Jo and Alex are still going strong, and their house becomes home base for the tight knit group of doctors the way it was back during Alex and Meredith’s intern days. Getting on with his life doesn’t stop Alex from worrying about his best friend, and he doesn’t stop calling Meredith everyday for months until she picks up. When she finally does, it’s ten seconds of “I’m fine, the kids are fine, please stop calling”.

This segways into the first glimpse of Meredith Grey in months, a very pregnant Meredith Grey. Derek got his wish for a bigger family, a baby girl, he’s just never going to be able to see her. We never learn exactly where Meredith is, other than some obscure shots of her kids on the beach. Meredith spends months getting herself strong enough to give birth to her last child with Derek, a loop of her life with him and her mother’s inner torment three decades ago running through her head. Thus far Meredith has been able to do this on her own, something that was necessary for her to figure out since she will be raising three children on her own. However when Meredith has labor complications her daughter is put in the same position that Meredith was when she was little, calling for help for her mother.

Alex finds his best friend with a new beautiful baby girl named Ellis, and Meredith is finally ready to face the world with some happiness as she faces everyday seeing Derek in their children. Ellis Grey was a brilliant surgeon, she was cold and demanding, she was deeply resented and deeply loved. The flashbacks in this episode also showed the strength that Ellis had, to give up her daughter after losing the love of her life, and to keep fighting everyday. Meredith has this strength, her children will have this strength, and the point is that they endure together.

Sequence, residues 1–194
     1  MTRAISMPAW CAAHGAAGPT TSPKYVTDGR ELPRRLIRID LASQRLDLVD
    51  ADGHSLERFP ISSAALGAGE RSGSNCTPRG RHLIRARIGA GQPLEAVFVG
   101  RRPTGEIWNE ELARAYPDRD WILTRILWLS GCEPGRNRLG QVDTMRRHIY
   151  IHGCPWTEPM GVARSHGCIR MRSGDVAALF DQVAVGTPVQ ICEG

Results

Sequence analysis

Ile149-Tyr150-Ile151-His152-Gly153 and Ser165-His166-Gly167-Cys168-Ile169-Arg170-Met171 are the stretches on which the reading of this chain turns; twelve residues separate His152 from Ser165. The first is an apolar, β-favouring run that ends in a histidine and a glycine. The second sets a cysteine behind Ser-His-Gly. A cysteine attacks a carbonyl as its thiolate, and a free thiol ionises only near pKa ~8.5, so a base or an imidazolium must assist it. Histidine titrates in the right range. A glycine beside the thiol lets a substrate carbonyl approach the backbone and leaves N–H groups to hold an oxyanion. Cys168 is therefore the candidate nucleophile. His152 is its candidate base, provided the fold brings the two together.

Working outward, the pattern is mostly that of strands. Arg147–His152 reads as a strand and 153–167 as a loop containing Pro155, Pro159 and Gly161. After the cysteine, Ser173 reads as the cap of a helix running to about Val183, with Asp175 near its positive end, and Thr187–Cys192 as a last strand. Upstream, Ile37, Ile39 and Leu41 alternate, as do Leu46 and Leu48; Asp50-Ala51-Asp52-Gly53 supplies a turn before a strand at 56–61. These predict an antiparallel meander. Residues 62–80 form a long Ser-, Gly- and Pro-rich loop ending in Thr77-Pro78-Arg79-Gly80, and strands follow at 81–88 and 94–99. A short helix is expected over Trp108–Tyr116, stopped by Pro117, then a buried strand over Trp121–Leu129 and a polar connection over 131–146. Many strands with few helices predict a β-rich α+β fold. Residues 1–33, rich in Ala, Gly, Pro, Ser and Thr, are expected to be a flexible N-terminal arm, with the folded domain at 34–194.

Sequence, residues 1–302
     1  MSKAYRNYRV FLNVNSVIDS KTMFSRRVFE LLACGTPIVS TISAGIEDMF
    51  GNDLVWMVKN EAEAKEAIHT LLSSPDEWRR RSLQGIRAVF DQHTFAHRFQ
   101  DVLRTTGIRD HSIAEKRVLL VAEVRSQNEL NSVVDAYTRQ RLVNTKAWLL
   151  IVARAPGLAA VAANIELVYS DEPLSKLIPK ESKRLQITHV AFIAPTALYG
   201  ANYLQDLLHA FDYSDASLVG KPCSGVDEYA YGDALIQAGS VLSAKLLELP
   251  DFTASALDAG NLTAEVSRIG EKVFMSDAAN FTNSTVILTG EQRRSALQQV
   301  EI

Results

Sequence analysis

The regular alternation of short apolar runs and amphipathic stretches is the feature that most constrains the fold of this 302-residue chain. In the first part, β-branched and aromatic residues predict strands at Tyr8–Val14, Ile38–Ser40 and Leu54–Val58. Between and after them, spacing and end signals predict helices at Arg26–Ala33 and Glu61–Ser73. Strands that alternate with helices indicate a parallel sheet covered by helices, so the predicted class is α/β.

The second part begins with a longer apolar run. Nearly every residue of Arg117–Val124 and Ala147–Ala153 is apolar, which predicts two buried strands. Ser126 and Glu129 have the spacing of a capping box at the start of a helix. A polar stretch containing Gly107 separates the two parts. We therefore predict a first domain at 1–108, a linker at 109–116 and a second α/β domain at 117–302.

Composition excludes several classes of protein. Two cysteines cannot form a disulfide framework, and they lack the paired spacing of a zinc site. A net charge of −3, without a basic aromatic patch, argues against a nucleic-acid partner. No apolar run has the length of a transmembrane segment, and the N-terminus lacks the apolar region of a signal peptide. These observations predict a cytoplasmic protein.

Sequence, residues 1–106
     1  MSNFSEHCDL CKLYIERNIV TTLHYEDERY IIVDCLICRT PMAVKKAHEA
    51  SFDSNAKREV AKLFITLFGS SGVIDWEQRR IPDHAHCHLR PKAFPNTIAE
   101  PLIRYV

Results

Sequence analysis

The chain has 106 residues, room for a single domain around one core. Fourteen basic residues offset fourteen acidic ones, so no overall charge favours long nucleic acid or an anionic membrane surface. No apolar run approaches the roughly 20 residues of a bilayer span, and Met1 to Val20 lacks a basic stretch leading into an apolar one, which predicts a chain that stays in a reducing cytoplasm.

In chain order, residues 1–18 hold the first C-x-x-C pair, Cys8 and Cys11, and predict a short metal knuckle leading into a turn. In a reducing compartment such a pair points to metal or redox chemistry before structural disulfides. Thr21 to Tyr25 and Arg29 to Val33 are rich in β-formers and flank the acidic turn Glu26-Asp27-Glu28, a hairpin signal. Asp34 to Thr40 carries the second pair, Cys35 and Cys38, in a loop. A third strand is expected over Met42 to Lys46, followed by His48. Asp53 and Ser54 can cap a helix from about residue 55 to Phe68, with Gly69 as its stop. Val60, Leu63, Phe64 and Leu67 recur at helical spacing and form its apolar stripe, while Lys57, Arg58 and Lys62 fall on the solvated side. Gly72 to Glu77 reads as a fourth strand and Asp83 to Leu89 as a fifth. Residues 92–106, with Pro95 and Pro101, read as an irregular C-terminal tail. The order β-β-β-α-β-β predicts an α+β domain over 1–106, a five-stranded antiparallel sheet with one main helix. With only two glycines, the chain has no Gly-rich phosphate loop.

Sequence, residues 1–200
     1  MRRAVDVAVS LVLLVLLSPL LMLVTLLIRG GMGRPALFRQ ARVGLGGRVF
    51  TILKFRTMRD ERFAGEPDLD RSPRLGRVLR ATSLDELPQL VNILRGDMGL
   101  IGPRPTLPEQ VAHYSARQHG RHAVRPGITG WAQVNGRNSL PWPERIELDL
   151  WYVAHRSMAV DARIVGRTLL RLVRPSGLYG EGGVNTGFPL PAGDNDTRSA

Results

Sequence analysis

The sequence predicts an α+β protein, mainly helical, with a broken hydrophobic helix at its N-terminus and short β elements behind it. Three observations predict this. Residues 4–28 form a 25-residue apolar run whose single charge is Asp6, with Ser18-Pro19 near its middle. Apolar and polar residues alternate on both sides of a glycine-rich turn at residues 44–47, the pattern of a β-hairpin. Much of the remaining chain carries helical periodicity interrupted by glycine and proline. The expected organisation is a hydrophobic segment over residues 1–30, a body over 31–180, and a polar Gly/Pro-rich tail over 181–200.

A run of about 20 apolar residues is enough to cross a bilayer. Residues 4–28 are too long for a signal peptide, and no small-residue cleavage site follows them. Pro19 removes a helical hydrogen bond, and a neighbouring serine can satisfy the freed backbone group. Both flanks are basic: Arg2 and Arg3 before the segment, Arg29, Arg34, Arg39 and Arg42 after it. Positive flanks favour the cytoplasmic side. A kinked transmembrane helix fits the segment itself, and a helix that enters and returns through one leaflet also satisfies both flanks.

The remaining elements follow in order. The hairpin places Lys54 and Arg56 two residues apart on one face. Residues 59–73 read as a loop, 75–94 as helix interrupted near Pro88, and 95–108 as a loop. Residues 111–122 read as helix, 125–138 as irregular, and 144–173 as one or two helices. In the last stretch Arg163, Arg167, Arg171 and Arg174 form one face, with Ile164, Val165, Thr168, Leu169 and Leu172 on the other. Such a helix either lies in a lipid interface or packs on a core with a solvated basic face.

What a time jump! Was it rushed though, or was it a fitting tribute to Derek Shepherd’s legacy?

[Photo via ABC]


One Response

  1. Darci May 22, 2015

Add Comment

“The Good Cop” Composer Pat Irwin Discusses His ‘Crime Jazz’ Score for the Hit Netflix Show & More
Five Moments That Defined Supergirl Season 3
How “The Good Doctor” May Negatively Impact Autism
Everything You Need to Know about Lucifer Season 4
The Five Best Thriller Movies of the 60s
The Five Best Russell Crowe Movies of His Career
Are We Ever Going to See “The Thinning 3?”
Eight Films That Represent Adolescence Extremely Well
10 Things You Didn’t Know about Armand Assante
7 Emotional Celebrity Stories That Show Mental Illness is a Challenge for Everyone
Appreciating the Voice Acting Work of Cristina Vee
10 Things You Didn’t Know about Desi Lydic
This is Why Life is Like Dungeons and Dragons
10 Things You Didn’t Know about Marvel’s Carnage
Five Comic Book Characters That Are Better in the Movies Than in the Comics
The Sleep Habits of Your Favorite Superheroes
Five Ways to Watch the NBA Online This Season
The Origin and Controversy Behind the Super Bowl Shuffle
Five Things You Didn’t Know About Mackenzie Dern
Secrets on How Sports Stars Keep Their Fitness Up
Exactly What It Would Look Like if Grand Theft Auto V Were Real Life
All 12 Zodiac Signs Represented by Overwatch Characters
Seven Endless Runners Every Gamer Has To Try At Least Once
Dan Harvey Spent Five Years Building A Minecraft Castle